Subject: I have found a CD that I think you would enjoy
|Various Artists - Soundtracks|
41 Original Hits From The Soundtrack Of American Graffiti
Genres: Special Interest, Pop, R&B, Rock, Soundtracks
For those of us who grew up in the '70s, this drive-in compilation of '50s and '60s rock and doo-wop, complete with Wolfman Jack introductions, was our introduction to this music. There are 41 jukebox hits here, and eve... more »
For those of us who grew up in the '70s, this drive-in compilation of '50s and '60s rock and doo-wop, complete with Wolfman Jack introductions, was our introduction to this music. There are 41 jukebox hits here, and every one of them is a classic of its time (although two tracks--"At the Hop" and "She's so Fine" are covers by the revival band Flash Cadillac & the Continental Kids). In his 1973 movie, director George Lucas used the music (and the presence of mysterious deejay Wolfman) as the AM-radio soundtrack to one night in suburban California, 1962. The idea was to capture and sustain an end-of-summer, end-of-innocence mood that's in the air throughout the picture-- not as a shortcut to establishing a period (as in Robert Zemeckis'Forrest Gump). There's an awful lot of spontaneous energy in these tunes--from Chuck Berry and Buddy Holly, to the Platters and the Clovers and the Del-Vikings, to the Crests and the Beach Boys--and also just a hint of melancholy that goes down very nicely with a burger, shake, and fries. --Jim Emerson
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Classic rock of '50s, early '60s shine in this album!
Alex Diaz-Granados | Miami, FL United States | 11/20/2003
(5 out of 5 stars)
"Of all the categories of music available on compact discs (or cassettes), one of my favorites has always been the movie soundtrack. Not only does a good soundtrack album helps listeners remember favorite scenes from the movies, but it also may inspire them to explore musical styles they would have otherwise never listened to. Just as John Williams Romantic-era stylings of his Star Wars scores opened my ears and mind to classical music at the age of 14, the songs of various artists featured in the soundtrack for 1973's George Lucas nostalgia-laced American Graffiti opened my heart and soul to the early rock 'n' roll and doo-wop of the late 1950s and early '60s. Having been born in 1963 into a household where only my older sister listened to such artists as The Beatles, Tom Jones and Englebert Humperdinck, it was only in the days of "Happy Days" (a TV sitcom that was inspired by the success of Lucas' first real successful movie) that I got a taste of early rock 'n' roll songs in the vein of "(We're Gonna) Rock Around The Clock," the song that kicks off this 2-CD, 41-song album.The songs presented here were not only chosen by director George Lucas because they fit the time period (no song here was released after 1962), but also because the songs themselves were like a Greek chorus commenting on the on-screen doings of Steve, Laurie, Curt, John, Carol, Debbie and Toad. If the mood is upbeat, then songs like "Rock Around The Clock" are featured. For more emotionally charged sequences (Steve and Laurie's heart-rending argument at the school dance, for instance), The Platters' famous cover of Kerns' "Smoke Gets In Your Eyes" and "Only You" are perfect accompaniment.From that first track by Bill Haley and the Comets (such a whimsical and punny band name) to the surfin' crowd-pleasing Beach Boys' "All Summer Long," the original soundtrack album of American Graffiti will not only have listeners who saw the movie remembering the film's various characters and situations, it will also evoke the seemingly more innocent era of that pre-Cuban Missile Crisis summer of '62, with its cruising teenagers, drive-in diners with roller skating waitresses and the optimism of the Kennedy years. This is a fun soundtrack album to listen to. If you're old enough to remember the era, it will be a personal musical portal to the past. If you're like me, born after 1962 and more familiar with Billy Joel, Bruce Springsteen, Usher, and Britney Spears, give it a listen. It may open your heart and soul to older, yet still wonderful styles of early rock 'n' roll."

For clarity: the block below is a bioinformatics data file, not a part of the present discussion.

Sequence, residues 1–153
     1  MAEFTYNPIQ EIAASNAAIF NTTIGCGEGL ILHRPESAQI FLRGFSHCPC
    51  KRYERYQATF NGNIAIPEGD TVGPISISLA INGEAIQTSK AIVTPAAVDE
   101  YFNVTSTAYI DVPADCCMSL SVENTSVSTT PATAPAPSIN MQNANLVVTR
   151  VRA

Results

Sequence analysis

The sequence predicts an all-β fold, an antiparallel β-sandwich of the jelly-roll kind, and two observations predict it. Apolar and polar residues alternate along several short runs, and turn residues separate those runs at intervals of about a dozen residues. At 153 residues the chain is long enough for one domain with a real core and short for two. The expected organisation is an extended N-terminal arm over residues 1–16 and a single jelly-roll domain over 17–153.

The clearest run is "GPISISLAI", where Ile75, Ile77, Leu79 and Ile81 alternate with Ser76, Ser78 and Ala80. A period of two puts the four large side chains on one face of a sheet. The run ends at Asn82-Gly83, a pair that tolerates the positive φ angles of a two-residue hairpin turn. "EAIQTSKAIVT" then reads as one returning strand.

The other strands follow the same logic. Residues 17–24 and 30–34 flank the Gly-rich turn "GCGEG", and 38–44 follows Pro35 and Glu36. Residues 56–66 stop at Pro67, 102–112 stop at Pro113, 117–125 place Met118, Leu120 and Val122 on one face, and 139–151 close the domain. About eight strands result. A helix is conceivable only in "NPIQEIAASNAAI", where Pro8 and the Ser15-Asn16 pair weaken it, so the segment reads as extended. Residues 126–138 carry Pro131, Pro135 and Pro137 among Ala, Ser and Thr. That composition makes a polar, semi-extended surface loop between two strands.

Candace Scott | Lake Arrowhead, CA, USA | 09/20/2000
(5 out of 5 stars)
"What more can you say? This is quite possibly the best collection (and most eclectic sampling) of 50's and 60's music available. I was a kid when American Graffiti came out in 1973 and went week after week to the theatre to see it. It's held up beautifully all these years later. I owned the vinyl version of this double album, also the casette and even the eight track. The quality of the CD is leagues ahead of the original vinyl album, all the scratches and bumps have been removed and it results in a joyous listening experience. Each and every one of these songs is riveting, fun to listen to and just plain great!If you're too young to remember these years, this album will give you a taste of what it must have been like to have grown up in the 50's and early 60's. An additional note: if you're never seen the movie, rent it or buy it immediately. It's a deserved classic!"
Gets the Party Going !
' Groovin' guy | 04/23/2007
(5 out of 5 stars)
"Great fun in this collection of great Classic songs.
Getting right to the point, this CD is an essential addition to any music lover's collection.
Buy it and get the party mood going!"